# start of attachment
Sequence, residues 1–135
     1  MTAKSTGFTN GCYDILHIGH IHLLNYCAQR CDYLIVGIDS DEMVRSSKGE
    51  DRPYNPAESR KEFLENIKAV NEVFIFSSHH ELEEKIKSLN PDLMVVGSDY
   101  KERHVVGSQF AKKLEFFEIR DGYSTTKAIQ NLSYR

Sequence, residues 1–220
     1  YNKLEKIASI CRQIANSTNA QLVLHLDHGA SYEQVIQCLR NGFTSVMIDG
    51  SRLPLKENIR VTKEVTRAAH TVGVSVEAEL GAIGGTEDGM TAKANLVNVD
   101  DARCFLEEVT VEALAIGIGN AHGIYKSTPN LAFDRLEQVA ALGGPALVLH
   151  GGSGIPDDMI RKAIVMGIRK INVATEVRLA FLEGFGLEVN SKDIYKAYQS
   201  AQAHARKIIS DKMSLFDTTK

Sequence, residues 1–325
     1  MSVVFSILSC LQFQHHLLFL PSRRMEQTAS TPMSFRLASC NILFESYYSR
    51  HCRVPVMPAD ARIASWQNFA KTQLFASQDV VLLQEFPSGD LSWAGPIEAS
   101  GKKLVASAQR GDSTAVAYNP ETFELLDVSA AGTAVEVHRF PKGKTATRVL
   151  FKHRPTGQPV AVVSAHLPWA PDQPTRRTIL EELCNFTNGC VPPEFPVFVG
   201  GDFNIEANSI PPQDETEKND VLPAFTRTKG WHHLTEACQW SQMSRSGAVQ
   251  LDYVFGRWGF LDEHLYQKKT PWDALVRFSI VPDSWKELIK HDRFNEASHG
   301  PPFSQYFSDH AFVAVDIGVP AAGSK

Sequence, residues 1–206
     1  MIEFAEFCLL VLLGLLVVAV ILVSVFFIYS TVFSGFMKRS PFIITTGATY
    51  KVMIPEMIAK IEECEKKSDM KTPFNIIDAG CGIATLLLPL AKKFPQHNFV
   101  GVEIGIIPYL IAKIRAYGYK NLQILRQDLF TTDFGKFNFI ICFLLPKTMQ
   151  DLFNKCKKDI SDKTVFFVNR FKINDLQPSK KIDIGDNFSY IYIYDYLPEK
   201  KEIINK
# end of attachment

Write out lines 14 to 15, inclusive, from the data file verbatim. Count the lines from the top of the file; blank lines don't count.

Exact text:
   101  GKKLVASAQR GDSTAVAYNP ETFELLDVSA AGTAVEVHRF PKGKTATRVL
   151  FKHRPTGQPV AVVSAHLPWA PDQPTRRTIL EELCNFTNGC VPPEFPVFVG